A Rusted History

I spent last week at the farm. Each morning began with making my way through town, trading the softball fields for corn fields. Every now and then there would be livestock, but mostly field after field after rolling field of corn, sometimes bean. The farmers were out planting, so though the first day looked like an abandoned mess of dead stalks, by the end of the week each field bore signs of purpose and hope with their uniform rows. When I return in summer, the brown soil landscape will be green and spurting “knee high by Fourth of July” as my grandma says. As I turn from the paved road to the gravel one, I pull over. I can see my destination in the distance, which means they can see me. So I stop, take some deep breaths, before going on.  I drive these familiar roads like they are maps of my heart. I drive with windows down, cool morning breeze blowing my hair, rock pounding underneath, dust billowing up behind me, as if making the declaration, “Here she comes!” I pass lines of evergreen from memory. I pass the cemetery. I crest each hill with the tension of not seeing down the other side. I drive free, the only way you can in a car that isn’t yours but is as old as your license: I drive with no assumptions, and when I arrive in the gravel driveway, I put it in park and turn it off with grateful thanks.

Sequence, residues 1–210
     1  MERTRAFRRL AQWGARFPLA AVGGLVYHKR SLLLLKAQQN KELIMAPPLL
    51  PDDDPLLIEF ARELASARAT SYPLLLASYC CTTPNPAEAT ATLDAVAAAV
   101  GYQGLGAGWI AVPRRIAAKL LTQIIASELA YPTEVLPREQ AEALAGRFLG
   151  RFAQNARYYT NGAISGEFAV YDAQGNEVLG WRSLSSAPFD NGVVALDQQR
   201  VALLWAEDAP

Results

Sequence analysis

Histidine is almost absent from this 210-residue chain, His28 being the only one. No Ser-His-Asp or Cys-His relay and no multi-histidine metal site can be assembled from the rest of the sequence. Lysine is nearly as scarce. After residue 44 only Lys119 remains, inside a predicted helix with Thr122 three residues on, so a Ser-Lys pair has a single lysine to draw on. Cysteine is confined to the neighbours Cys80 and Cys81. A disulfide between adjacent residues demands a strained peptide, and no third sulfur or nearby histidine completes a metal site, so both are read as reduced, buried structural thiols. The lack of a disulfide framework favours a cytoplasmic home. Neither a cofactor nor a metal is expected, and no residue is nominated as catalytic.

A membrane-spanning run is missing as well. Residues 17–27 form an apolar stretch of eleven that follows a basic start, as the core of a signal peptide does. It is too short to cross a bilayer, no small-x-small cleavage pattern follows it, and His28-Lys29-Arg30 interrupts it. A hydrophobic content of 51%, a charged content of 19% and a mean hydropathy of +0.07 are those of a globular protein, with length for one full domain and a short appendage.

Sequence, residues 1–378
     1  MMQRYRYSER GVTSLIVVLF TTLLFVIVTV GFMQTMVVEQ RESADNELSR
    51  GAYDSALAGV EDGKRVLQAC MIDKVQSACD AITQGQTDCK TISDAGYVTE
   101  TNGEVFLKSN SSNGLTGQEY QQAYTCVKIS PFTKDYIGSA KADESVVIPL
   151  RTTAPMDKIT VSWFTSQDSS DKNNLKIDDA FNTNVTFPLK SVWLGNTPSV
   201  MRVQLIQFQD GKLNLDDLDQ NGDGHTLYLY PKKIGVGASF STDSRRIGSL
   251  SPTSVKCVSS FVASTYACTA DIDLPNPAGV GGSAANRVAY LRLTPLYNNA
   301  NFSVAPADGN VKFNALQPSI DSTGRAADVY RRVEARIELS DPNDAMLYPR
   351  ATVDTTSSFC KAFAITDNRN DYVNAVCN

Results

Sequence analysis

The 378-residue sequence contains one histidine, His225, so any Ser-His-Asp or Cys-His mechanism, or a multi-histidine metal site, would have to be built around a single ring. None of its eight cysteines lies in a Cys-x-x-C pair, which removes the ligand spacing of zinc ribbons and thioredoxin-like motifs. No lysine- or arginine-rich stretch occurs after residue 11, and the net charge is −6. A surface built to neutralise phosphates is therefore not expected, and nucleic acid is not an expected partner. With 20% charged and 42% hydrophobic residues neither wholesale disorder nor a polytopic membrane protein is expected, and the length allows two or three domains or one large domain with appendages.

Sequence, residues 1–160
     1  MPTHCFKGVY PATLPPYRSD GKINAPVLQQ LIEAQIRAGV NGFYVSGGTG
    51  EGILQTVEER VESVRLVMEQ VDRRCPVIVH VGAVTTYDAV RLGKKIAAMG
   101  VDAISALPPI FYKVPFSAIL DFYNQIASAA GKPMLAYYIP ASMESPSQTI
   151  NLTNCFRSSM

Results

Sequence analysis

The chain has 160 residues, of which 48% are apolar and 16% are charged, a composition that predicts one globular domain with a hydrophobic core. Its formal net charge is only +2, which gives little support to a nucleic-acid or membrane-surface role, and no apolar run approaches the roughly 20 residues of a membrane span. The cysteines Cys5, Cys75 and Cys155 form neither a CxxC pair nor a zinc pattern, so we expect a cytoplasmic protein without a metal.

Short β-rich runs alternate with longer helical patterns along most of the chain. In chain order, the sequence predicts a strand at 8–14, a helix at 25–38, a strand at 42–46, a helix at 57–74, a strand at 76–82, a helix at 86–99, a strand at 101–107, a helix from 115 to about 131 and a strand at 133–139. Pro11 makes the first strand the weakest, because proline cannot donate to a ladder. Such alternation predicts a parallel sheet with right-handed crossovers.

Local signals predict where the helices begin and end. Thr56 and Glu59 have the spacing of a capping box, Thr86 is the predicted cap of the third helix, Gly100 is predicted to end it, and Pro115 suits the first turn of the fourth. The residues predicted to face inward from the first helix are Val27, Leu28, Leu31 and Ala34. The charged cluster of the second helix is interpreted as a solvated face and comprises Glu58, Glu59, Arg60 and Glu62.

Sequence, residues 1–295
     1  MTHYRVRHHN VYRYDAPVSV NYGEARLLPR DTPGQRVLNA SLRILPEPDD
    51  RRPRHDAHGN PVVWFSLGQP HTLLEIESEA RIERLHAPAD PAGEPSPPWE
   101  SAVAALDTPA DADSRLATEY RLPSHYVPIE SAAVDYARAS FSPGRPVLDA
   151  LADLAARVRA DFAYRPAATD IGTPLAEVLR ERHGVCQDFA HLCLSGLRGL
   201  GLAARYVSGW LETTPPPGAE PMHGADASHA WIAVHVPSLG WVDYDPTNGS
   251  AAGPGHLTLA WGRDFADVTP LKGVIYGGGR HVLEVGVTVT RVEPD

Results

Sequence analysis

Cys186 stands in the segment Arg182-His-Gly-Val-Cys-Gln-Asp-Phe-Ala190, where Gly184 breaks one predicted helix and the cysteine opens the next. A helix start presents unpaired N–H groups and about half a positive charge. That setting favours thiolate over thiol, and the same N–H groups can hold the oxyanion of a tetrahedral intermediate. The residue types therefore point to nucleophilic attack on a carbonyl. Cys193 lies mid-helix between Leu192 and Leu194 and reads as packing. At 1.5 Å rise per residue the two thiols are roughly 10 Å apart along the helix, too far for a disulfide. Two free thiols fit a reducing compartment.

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This place. Its field of dandelions: wishes or weeds? This place is both. As I walk the grounds in morning dew, memories flood me, bringing a confusing concoction of emotions. Every breath takes in youth, wonder, happiness; every exhale anger and betrayal and shame. I feel them all at once. I am a patchwork quilt. So my steps are slow and my breathing regulated, letting things sit in me just as they are. Letting these antitheses exist in me side by side. Letting go of being able to categorize each memory, each person, each part of me. I let them sit and I listen to the birds.